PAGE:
Written by The Herald-News
Since February, Montana’s Sage Grouse Advisory Council has been working overtime to create a management plan for the bird whose habitat spans central, northern and eastern Montana.
The urgency? This upland game bird has been declared “warranted” for listing as an endangered species by the federal government, but “precluded” from that designation while the feds deal with other matters. Montana is one of the Western states with significant sage-grouse populations that have not crafted a plan acceptable to the U.S. Fish and Wildlife Service. Bottom line: If Montana doesn’t do something to improve sage grouse numbers, it’s just a matter of time before the feds do.
A federal endangered listing would do to the booming oil and gas industry, and to traditional economies like grazing and farming, what the “endangered” status of the gray wolf, the grizzly bear, and the northern spotted owl did to natural-resource industries further west.
The 40-page state plan, released in November, has a lot of actions that it recommends be taken “where possible.” Hopefully, that wiggle room plays to the advantage of productive land use. But there is always the risk at being called onto the carpet by whichever bureaucracy ends up enforcing the plan.
It’s clear that the state plan is not as onerous as what the feds would concoct. At the same time, it’s stricter than the plan adopted in Wyoming, which was approved by the U.S. Fish and Wildlife Service for implementation in 2011.
From the perspective of someone responsible for utility rates, there are aspects of the plan which, I believe, could cost Montana consumers a large amount of money. Those should be reworked.
One key example is the plan’s recommendations that pertain to power lines. Raptors, eagles, ravens, really most types of birds, love to perch on power lines. From there those higher up the food chain have a better vantage point in otherwise treeless areas to identify their quarry, including sage grouse—a bird that is mostly defenseless and not particularly bright. The solution? According to the state management plan, it’s to underground power lines “when possible.” Or require them to have a one mile berth from sage grouse leks, as the bird’s breeding grounds are known.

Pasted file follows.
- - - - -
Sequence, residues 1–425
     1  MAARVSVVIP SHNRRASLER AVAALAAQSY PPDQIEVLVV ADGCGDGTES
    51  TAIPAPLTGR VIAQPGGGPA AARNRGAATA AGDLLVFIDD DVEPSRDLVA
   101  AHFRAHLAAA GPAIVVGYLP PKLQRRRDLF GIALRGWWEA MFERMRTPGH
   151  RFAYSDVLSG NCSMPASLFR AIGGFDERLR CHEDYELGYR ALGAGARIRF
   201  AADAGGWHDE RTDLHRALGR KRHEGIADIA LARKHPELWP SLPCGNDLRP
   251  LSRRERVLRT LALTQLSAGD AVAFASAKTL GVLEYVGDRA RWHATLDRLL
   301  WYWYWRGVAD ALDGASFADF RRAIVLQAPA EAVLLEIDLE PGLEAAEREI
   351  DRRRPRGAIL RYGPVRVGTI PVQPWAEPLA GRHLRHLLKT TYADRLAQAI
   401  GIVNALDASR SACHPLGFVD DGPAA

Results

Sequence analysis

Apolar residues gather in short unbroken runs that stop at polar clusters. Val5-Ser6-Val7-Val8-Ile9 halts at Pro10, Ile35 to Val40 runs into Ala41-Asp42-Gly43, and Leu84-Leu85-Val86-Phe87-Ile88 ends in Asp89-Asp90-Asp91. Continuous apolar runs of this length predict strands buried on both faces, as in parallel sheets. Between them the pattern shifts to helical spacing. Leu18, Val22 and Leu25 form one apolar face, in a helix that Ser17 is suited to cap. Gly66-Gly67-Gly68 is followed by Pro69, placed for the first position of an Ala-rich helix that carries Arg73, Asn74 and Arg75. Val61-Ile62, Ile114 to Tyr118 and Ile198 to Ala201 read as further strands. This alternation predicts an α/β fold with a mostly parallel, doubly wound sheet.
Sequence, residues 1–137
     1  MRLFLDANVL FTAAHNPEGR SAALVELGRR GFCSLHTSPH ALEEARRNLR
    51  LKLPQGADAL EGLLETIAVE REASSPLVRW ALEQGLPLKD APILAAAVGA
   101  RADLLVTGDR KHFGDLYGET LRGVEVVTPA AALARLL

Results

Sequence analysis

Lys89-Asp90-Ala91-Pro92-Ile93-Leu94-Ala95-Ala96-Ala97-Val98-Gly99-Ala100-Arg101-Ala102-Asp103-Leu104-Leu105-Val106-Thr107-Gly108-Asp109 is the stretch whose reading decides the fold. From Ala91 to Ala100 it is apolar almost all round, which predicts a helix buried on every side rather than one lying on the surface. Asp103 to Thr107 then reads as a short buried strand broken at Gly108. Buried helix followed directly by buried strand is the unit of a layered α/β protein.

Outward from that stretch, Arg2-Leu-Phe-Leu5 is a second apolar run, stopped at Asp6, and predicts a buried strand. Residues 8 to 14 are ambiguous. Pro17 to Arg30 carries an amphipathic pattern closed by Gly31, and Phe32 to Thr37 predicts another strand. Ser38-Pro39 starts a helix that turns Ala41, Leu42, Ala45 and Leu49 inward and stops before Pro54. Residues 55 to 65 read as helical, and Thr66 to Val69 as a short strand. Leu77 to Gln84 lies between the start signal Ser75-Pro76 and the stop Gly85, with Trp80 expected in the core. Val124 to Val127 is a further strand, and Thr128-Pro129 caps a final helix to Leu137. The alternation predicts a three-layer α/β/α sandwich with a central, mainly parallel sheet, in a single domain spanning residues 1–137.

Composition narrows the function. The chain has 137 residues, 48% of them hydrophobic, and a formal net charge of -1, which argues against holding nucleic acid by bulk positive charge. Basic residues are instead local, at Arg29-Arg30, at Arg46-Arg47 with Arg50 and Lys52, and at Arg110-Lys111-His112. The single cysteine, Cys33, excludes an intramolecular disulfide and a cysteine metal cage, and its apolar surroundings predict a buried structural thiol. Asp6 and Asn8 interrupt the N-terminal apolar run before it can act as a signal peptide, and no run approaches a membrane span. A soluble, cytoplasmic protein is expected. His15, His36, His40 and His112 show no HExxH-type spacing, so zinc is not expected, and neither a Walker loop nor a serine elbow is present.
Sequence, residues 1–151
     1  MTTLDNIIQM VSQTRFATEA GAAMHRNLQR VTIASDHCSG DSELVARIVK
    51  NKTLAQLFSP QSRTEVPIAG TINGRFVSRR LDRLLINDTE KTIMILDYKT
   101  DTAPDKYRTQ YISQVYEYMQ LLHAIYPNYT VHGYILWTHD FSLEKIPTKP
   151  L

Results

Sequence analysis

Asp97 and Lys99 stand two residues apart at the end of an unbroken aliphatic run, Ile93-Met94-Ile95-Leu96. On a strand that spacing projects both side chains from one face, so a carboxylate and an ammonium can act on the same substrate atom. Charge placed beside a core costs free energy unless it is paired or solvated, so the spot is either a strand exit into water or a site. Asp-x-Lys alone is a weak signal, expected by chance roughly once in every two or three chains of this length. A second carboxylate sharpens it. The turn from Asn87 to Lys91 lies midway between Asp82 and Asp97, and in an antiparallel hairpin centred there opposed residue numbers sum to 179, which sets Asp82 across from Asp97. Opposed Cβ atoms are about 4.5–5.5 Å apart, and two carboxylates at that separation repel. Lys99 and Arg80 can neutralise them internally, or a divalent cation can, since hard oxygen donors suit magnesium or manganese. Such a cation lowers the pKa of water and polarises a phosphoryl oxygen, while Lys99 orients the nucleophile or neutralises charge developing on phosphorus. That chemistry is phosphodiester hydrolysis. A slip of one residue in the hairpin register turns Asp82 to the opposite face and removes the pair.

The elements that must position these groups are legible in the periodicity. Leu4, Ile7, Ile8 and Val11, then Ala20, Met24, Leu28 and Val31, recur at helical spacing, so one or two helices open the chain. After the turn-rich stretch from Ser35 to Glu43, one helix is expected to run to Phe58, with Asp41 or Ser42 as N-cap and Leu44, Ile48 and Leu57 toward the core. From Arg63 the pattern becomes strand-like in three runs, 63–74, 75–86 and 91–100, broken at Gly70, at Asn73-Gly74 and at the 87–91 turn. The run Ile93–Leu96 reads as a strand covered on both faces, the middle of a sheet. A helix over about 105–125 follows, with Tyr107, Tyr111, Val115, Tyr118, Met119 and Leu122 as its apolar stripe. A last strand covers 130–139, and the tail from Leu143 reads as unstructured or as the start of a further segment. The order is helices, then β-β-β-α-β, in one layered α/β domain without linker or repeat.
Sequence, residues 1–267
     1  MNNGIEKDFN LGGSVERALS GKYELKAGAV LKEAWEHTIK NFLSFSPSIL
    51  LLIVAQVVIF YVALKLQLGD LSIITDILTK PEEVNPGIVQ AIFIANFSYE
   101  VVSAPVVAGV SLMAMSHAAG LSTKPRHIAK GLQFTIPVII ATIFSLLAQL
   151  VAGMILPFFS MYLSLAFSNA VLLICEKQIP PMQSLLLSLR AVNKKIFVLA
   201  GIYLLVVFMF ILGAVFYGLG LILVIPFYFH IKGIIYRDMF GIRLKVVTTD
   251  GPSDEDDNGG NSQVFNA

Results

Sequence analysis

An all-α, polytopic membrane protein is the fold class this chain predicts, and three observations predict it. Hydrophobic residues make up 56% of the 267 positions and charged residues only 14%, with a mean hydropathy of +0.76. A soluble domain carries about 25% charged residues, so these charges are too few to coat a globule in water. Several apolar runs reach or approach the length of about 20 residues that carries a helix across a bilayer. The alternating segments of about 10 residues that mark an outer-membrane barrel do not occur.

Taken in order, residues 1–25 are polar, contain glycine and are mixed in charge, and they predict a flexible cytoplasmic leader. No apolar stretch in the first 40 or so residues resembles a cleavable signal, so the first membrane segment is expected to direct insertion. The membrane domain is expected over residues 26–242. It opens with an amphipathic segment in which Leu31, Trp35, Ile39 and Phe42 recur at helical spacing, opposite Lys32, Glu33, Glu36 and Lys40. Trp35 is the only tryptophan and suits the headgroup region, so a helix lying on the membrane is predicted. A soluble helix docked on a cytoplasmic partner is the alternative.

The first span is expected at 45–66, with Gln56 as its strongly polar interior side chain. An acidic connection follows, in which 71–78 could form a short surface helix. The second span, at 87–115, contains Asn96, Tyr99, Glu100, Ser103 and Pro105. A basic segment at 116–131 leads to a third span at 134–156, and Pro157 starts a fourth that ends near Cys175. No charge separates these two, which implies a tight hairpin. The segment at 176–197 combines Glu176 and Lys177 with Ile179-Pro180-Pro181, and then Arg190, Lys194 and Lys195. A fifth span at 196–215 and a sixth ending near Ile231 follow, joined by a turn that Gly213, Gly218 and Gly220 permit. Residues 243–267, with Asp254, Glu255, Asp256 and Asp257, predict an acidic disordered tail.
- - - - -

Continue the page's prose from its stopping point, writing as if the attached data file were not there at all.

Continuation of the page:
This is highly unrealistic. Undergrounding lines costs many multiples of constructing overhead lines. It’s a practice that usually occurs only in dense, urban areas where there are many thousands of customers to spread the costs over. That’s not the case in rural Montana.
Re-routing power lines to avoid the minefield of sage grouse leks is similarly costly. A rule of thumb for the cost to construct significant transmission lines is $1 million per mile. When an otherwise straight line on a map begins zigging and zagging, the cost increase is breathtakingly rapid.
Oil and gas exploration would also face substantial new regulations in core habitat areas, which cover millions of acres in about a dozen counties. There, the plan calls for restrictions on the seasons and time-of-day during which operations would be permitted, as well as on surface occupancy and noise. Wind energy would be excluded entirely from core habitats.
In its restrictions on energy development, the state plan is symptomatic of the mixed messages that abound regarding land use in rural America. Nearly every politician lists independence from foreign oil as a national priority, but that priority disappears pretty quickly when wildlife management is involved. Government policies encourage renewables, but then preclude wind farms and transmission lines from locating in areas where the wind resource is bountiful.
On a very local level, Montana’s utilities have spent a lot of time and energy attaching special structures to power lines that allow raptors to perch without being electrocuted, but now their perching represents a threat to predation of sage grouse so great that those power lines are suggested to be buried. You just can’t win, can you?